That’s certainly the case at the moment. But with more than two-dozen phase 3 trials ongoing, Pfizer has a better-than-average chance of finding more than a few winning treatments to bolster its business once the immediacy of the COVID-19 threat fades.
The shares are also trading at a significant discount of 11 times trailing earnings and 9 times next year’s estimates — as well as just 13 times free cash flow. With a dividend yielding 3.2% annually, it has made the payout since 1980 and has increased the dividend every year since 2009 (it had cut its dividend in half earlier that year when it was going to buy Wyeth).
Image source: Getty Images.

Walgreens Boots Alliance
Healthcare retailer Walgreens Boots Alliance (NASDAQ: WBA) is down 17% so far in 2022, but the coming recession shouldn’t be a major factor in whether the pharmacy’s stock goes up and down. Regardless of the economy, people get sick, maybe even more so in bad times. 
But Walgreens has been on a cost-cutting program that has wiped out $2 billion in expenses ahead of schedule, while its transformation plan is reportedly on track to deliver $3.3 billion in annual cost savings by fiscal 2024 (which starts in September of next year).
Although its second-quarter earnings hiccup caused investors to dump its stock, sales were still growing, operating income was rising, and its retail footprint saw record comparable sales with a nearly 15% gain. It’s also a solid dividend stock, with 46 consecutive years of increasing the payout, which puts it on track to be a Dividend King in a few years. And because its financial condition is solid and can easily cover its payout, that should not be a problem.
With the dividend yielding a generous 4.4% and its stock even cheaper than Pfizer at just six times trailing earnings and eight times estimates (its free cash flow multiple is slightly more elevated at almost 19), it’s a good pick for a growing dividend stock to settle into safely during market turmoil.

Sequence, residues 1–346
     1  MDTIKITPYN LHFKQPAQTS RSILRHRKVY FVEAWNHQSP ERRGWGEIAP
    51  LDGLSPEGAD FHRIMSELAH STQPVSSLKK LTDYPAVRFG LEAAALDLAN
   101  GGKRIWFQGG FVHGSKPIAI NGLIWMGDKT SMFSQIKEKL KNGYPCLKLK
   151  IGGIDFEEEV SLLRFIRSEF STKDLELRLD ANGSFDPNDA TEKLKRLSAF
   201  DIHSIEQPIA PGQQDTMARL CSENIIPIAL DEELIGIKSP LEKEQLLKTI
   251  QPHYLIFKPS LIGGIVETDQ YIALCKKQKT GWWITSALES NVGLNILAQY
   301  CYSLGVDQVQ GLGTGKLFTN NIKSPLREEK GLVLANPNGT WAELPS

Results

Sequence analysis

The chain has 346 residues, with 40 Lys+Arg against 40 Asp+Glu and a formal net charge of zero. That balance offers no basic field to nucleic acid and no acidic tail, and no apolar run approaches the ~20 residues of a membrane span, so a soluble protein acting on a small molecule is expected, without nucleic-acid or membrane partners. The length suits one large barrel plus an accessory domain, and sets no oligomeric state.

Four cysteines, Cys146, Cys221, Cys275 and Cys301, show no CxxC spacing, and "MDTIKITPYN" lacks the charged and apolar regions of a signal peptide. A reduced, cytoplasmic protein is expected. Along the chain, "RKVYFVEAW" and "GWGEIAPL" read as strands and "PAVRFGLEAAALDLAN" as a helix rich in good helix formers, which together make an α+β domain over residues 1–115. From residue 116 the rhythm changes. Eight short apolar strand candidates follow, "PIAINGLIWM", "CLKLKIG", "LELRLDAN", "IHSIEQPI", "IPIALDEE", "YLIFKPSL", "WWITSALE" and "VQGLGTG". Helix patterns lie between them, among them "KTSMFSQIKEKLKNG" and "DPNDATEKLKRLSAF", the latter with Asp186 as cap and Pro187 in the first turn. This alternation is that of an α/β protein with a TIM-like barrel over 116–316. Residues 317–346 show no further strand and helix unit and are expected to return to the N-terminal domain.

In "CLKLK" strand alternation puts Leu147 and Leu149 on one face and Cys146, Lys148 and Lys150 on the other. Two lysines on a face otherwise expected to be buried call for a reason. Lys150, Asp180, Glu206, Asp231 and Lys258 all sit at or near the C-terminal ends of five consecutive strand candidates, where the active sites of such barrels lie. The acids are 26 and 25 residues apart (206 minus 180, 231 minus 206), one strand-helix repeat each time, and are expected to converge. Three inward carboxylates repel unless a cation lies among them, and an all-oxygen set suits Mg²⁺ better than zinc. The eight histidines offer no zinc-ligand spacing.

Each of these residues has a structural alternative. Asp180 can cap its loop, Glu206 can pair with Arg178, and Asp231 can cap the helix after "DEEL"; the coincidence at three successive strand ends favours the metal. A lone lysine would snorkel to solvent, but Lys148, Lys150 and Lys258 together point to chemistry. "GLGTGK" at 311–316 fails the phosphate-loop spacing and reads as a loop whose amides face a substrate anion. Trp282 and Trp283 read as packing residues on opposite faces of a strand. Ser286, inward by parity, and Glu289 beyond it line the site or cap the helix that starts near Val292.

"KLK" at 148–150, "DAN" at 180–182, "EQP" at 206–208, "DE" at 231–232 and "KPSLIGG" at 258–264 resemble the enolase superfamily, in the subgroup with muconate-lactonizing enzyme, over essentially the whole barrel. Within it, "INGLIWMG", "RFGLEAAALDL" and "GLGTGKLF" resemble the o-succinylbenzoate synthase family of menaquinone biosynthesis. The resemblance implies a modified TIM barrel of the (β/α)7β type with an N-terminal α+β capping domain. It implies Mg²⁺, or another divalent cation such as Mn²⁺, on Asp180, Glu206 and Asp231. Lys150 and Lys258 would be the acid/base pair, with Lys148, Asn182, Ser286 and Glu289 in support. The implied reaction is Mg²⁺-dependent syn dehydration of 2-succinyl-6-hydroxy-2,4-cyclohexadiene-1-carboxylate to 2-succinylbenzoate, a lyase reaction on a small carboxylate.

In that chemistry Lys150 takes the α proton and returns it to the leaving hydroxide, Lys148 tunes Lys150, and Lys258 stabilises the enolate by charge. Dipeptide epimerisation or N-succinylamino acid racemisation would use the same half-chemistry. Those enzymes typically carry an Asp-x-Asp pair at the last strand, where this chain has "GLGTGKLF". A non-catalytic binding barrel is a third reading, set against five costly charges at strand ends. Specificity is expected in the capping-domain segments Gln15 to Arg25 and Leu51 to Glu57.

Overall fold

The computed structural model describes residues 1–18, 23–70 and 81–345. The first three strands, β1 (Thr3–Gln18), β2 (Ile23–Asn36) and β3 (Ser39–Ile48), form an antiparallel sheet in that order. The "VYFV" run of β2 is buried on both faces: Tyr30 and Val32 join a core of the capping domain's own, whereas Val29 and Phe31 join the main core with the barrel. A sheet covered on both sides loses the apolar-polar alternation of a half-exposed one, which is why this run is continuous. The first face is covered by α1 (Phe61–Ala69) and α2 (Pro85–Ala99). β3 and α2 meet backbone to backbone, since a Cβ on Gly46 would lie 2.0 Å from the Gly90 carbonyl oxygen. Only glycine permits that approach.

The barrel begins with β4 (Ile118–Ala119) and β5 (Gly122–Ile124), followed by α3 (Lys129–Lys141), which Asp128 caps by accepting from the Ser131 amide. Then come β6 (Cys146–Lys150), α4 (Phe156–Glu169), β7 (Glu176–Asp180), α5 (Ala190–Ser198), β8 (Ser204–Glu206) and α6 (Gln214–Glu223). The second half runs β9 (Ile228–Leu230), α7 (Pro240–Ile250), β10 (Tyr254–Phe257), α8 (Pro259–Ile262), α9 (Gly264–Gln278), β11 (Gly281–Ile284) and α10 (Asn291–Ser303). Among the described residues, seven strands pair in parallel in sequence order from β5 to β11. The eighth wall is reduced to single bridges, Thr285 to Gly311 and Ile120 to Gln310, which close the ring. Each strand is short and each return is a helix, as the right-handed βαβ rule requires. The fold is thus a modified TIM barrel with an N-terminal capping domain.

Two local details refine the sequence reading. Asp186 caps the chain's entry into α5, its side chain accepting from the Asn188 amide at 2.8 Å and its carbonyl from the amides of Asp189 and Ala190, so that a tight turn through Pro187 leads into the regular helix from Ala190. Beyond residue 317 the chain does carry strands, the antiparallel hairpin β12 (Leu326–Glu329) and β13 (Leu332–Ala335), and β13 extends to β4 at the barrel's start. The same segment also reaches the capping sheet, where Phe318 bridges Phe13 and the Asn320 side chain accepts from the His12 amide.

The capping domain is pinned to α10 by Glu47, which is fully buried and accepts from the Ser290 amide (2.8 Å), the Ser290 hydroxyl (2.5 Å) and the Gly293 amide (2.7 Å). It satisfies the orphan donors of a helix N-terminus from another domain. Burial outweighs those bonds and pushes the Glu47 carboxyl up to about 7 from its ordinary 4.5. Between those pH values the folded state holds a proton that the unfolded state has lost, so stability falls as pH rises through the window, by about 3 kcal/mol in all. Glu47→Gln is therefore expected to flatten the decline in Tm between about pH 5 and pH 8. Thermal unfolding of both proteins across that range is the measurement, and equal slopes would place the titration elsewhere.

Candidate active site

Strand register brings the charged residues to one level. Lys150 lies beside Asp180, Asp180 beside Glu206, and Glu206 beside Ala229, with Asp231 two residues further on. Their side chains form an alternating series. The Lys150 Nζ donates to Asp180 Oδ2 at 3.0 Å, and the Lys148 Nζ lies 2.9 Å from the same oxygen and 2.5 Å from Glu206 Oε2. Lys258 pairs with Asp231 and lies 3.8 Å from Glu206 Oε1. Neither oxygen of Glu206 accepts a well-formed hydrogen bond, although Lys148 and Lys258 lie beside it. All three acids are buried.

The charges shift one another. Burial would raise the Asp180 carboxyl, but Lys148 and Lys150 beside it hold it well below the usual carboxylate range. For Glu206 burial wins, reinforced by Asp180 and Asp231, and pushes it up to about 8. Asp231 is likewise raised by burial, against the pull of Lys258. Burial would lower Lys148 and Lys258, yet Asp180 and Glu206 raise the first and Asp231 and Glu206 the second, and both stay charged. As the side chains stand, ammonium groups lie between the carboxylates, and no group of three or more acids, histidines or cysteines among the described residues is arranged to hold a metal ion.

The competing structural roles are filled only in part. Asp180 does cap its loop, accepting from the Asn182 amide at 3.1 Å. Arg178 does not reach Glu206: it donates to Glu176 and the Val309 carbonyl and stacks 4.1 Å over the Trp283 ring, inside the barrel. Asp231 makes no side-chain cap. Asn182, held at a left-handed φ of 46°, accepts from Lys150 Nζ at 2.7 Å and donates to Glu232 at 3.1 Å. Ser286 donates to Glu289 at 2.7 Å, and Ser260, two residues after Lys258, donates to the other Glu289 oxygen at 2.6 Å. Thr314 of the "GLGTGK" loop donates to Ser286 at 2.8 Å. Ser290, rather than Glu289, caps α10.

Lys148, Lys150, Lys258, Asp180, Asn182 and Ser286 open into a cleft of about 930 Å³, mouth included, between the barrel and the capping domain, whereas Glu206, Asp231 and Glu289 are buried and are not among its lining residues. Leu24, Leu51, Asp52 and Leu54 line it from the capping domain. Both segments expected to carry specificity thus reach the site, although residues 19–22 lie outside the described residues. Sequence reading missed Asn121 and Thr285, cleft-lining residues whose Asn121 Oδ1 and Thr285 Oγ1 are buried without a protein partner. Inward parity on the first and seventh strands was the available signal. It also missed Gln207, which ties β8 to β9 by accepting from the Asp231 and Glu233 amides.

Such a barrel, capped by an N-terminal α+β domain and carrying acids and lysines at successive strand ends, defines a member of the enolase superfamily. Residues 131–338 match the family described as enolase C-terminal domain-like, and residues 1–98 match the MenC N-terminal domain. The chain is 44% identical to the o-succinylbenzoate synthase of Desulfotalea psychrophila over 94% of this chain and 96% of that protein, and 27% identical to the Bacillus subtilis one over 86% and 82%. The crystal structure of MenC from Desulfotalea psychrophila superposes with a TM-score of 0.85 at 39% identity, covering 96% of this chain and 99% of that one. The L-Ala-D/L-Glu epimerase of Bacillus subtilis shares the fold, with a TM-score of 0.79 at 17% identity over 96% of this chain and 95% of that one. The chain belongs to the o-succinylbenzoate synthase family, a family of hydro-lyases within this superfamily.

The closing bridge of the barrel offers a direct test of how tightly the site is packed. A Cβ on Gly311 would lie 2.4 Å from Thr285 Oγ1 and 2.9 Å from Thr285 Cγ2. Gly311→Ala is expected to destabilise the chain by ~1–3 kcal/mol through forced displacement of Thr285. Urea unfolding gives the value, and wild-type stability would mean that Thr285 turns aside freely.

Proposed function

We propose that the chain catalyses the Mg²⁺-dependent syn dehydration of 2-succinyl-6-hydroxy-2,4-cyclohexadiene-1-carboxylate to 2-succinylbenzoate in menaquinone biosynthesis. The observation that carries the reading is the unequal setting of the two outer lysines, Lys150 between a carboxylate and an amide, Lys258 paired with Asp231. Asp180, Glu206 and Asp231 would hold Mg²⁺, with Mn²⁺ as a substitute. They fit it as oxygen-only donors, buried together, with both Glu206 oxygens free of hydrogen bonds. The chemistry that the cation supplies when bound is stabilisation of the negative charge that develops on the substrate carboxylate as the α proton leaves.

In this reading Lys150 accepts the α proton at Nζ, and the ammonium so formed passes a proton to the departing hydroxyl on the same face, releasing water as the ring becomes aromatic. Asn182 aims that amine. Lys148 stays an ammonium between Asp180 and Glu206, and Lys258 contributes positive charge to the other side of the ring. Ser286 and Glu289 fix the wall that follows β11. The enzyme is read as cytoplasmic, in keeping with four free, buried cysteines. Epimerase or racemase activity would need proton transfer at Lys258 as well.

Rich Duprey has positions in Walgreens Boots Alliance. The Motley Fool has no position in any of the stocks mentioned. The Motley Fool has a disclosure policy. –

Stock market crashes and corrections happen. Since the beginning of the year, the S&P 500 has been down over 17%. In fact, since the end of World War II, the benchmark index has tumbled more than 10% around 30 separate times. 

A bear market of at least a 20% decline will also eventually happen again, maybe even this month. Soaring inflation, stubborn supply-chain problems, and a Federal Reserve determined to raise interest rates to combat runaway price increases make the likelihood all the greater.

Image source: Getty Images.

St. Louis Fed president James Bullard said it’s a “fantasy” to believe the worst inflation the U.S. has experienced in 40 years could be tamed by tiptoeing around it. He indicated a need for aggressive interest rate hikes to the point where economic growth stops, and perhaps even contracts. 

But even if a bear market did happen, it’s important to keep such downturns in perspective. The Schwab Center for Financial Research says the average bear market has lasted only about 17 months.

That suggests investors should not cower in the face of a decline, but rather be ready to spring into action. The following three supercharged dividend stocks are good bets to carry you through the low points of any correction and beyond.

Image source: Getty Images.

AbbVie

Pharmaceutical giant AbbVie (NYSE: ABBV) still relies upon blockbuster anti-inflammatory drug Humira for the bulk of its revenue — $4.7 billion in the first quarter, or 35% of the total $13.5 billion generated — but the rise of biosimilars will eventually take its toll.

Internationally, Humira revenue tumbled 22% in the quarter to $743 million because of the new competition, and they’ll begin showing up in the U.S. next year when Humira goes off-patent. But the cliff isn’t nearly as steep as once thought. Humira has multiple indications it’s approved for in the U.S. and abroad, so it will still be a massively growing therapy for years to come despite the presence of biosimilars.